Pandavaas ‘Maangal:’ Reviving Tradition

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2099
Pandavaas upcoming release Mangaal

Next time you attend a Garhwali wedding, the chances are you wont hear the bride walking down the aisle with a Punjabi score in the background, but that to the Garhwali Maangal score by Pandavaas.

A 25 minute compilation of six melodious but forgotten Maangal tracks sung during auspicious ceremonies in Garhwal have been given an interesting musical twist by Pandavaas who attempted to bridge the gap between tradition and modern.

Kunal Dobhal tells us, “We were asked to put together a score for a marriage in Shri Trijuginarayan which is an upcoming wedding destination. Instead of working on something new, we have tried to rework on the ancient traditional Maangal scores, with a new twist which still reverberates with the ancient score above the tweaking of the orchestra.”

Mangaal singers in Pandavaas studio

While the songs are sung in pahari tune the foot-tapping orchestra complete with sitar, violins and shahnaee doesn’t take away the old-age charm of the songs.

Talented, raw artists from as far as Delhi and Haryana attended a three-day workshop in Srinagar, Garhwal, earlier this year to get the correct pronunciation, accent and intonation which took close to a year to be ready for release. Eight young female artists, few non-garhwali have lent their voice to the melodious tracks. Anamika Vashisth, Anjali Khare, Avantika Negi, Ekta Negi, Ruchika Kandari, Shalili Bahuguna, Shiwani Bhagwat, Sunidhi Vashisth, Sushma Nautiyal along with three male artists Aman Dhanai, Deepak Naithani and Ishaan Dobhal sang the six tracks in the compilation, each relating to a particular ceremony during weddings, such as Haldi haath, Pheras, Vidai etc.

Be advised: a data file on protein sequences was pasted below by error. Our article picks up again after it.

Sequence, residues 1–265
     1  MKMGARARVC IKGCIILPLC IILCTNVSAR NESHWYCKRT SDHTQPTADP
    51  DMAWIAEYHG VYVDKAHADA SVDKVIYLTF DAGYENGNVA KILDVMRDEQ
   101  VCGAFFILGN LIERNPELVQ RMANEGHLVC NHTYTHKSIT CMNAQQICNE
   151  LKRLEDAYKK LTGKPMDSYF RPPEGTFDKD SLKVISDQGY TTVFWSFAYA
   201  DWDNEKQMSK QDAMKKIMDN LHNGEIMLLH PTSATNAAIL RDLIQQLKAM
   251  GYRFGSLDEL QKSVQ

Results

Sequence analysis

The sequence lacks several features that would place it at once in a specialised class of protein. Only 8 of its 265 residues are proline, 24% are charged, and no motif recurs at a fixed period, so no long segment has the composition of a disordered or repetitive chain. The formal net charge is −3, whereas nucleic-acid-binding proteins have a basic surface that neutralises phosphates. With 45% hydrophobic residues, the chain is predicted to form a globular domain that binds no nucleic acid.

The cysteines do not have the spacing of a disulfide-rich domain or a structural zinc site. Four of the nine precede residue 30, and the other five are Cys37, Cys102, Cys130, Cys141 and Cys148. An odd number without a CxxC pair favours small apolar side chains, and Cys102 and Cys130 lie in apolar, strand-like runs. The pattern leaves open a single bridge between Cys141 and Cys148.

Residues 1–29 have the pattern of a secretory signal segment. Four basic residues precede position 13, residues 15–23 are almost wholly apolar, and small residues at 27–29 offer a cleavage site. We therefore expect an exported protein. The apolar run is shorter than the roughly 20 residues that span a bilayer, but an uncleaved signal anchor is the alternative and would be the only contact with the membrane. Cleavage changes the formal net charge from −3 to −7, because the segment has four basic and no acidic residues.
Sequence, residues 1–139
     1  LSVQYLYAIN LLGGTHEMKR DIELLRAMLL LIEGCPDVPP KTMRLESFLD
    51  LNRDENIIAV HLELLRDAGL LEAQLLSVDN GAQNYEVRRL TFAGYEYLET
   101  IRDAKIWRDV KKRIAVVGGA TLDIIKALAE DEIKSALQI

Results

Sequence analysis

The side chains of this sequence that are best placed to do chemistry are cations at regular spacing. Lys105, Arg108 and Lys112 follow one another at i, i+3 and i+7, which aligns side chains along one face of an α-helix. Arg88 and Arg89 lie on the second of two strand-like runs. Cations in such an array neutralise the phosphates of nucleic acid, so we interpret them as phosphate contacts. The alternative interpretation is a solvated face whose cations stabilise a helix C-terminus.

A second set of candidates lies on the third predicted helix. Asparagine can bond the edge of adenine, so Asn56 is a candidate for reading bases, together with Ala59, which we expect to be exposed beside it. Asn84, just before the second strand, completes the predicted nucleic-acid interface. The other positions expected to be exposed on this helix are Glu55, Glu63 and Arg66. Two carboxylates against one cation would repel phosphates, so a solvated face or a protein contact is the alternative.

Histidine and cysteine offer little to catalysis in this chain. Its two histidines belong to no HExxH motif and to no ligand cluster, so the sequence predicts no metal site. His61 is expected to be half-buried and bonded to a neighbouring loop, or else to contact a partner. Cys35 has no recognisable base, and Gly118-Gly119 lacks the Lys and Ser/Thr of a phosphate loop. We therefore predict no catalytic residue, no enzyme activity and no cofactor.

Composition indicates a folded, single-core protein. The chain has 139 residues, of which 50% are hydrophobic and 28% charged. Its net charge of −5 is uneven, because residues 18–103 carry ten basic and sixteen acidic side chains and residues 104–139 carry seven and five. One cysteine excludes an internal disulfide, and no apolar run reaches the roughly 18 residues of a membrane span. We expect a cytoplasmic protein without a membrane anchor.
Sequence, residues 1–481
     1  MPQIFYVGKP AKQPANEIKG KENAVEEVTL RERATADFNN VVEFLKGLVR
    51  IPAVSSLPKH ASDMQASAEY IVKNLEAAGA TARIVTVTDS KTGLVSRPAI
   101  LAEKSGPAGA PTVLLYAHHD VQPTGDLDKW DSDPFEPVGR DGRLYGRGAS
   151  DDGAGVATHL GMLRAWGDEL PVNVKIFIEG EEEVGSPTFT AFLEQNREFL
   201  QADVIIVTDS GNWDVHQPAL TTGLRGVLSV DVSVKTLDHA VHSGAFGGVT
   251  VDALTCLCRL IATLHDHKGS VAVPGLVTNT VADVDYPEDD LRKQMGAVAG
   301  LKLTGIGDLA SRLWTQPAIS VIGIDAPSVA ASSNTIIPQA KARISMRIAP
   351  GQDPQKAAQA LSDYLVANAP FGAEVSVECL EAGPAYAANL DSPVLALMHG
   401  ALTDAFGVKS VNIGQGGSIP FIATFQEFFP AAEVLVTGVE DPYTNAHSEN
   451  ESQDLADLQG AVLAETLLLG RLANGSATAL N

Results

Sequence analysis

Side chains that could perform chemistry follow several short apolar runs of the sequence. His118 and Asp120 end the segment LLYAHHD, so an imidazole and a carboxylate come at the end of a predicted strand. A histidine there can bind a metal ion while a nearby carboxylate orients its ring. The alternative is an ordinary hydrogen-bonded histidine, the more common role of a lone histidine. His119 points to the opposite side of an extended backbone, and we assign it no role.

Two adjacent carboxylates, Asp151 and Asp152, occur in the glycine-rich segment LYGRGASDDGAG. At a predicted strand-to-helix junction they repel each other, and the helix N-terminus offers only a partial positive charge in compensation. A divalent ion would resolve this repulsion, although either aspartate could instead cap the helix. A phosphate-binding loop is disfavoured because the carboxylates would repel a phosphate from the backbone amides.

Maangal will soon be released on digital platforms such as iTunes, Gaana and Juke Box on Youtube so that the collection has an international appeal and access to everyone.

About the idea of digital release, Kunal Dobhal says, “its not always about profit and loss, some creativity is done for the love of rituals and traditions and keeping alive, that which was once an inseparable part of our past.”